Finger pointing continues over Holyk death investigation
SPOKANE VALLEY, Wash. — He died more than a year ago, now the battle over who’s responsible for the death of a Spokane Valley teenager is almost ready to head to court even as the finger pointing continues outside the courtroom.
Recently released court documents show that 15-year old Ryan Holyk’s DNA was found on the bumper of a Spokane County Sheriff’s Office patrol car. The teen died from his injuries in May of 2014 after crashing his bike in a Spokane Valley intersection as Deputy Joe Bodman sped by.
Investigators maintain the teen was never hit by the car but the Holyk family’s attorney want to know why his DNA showed up on that Bumper.
“We just received this information,” attorney Mike Maurer said. “We have a lot of questions and we’re going to ask them and hopefully get answers to.”
Maurer says this new information contradicts what he’s been given over the last year.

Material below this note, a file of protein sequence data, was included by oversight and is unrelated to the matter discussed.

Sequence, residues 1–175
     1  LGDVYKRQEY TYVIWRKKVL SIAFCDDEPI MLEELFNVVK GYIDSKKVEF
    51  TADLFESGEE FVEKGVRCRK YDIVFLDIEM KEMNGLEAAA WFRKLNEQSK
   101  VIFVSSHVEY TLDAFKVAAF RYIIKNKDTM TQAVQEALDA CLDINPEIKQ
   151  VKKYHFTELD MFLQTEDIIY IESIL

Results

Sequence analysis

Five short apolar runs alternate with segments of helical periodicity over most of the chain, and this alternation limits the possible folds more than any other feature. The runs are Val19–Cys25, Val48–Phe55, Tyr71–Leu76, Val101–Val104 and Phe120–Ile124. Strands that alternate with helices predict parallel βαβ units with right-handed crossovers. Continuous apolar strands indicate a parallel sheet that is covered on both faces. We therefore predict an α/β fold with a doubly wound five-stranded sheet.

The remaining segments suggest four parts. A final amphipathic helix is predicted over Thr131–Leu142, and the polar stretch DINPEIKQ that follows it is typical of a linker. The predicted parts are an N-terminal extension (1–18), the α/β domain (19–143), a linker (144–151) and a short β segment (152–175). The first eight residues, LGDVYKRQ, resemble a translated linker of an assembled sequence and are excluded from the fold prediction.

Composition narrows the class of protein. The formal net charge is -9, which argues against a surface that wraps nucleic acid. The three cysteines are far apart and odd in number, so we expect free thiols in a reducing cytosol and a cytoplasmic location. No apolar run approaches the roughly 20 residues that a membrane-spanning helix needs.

“The sheriff’s department for a better part of a year now has chosen to reveal certain information, certainly not all the information,” he said.
In the Washington State Patrol’s report he was given dated October 2014, it reads no DNA was found on or in the car. Maurer says this new information opens up many more questions regarding the investigation.
“Did they go back and conduct a brand new analysis of this accident or did they simply entrench themselves in the positions that they had previously put forth that their was no contact between Ryan and the vehicle,” Maurer said.
Spokane County Sheriff Ozzie Knezovich says the DNA information is not new. It’s in the Spokane Police Detectives report dated July 2014.
“For the citizens of this county to understand this case, we can’t have an attorney cherry picking pieces of evidence trying to make everybody believe something that did not happen,” Knezovich said. “If he’s going to do that, let’s produce all the evidence, let’s go to trial and people can see what happened in this case.”
According to the WSP Crime Lab, the DNA found on the bumper is a trace amount of cellular DNA, which is likely skin cells. Investigators believe someone at the scene likely had contact with Ryan and then the patrol car.
“If that bumper had made contact with Ryan’s head you would expect blood and or saliva on that bumper, and there was none,” Knezovich said.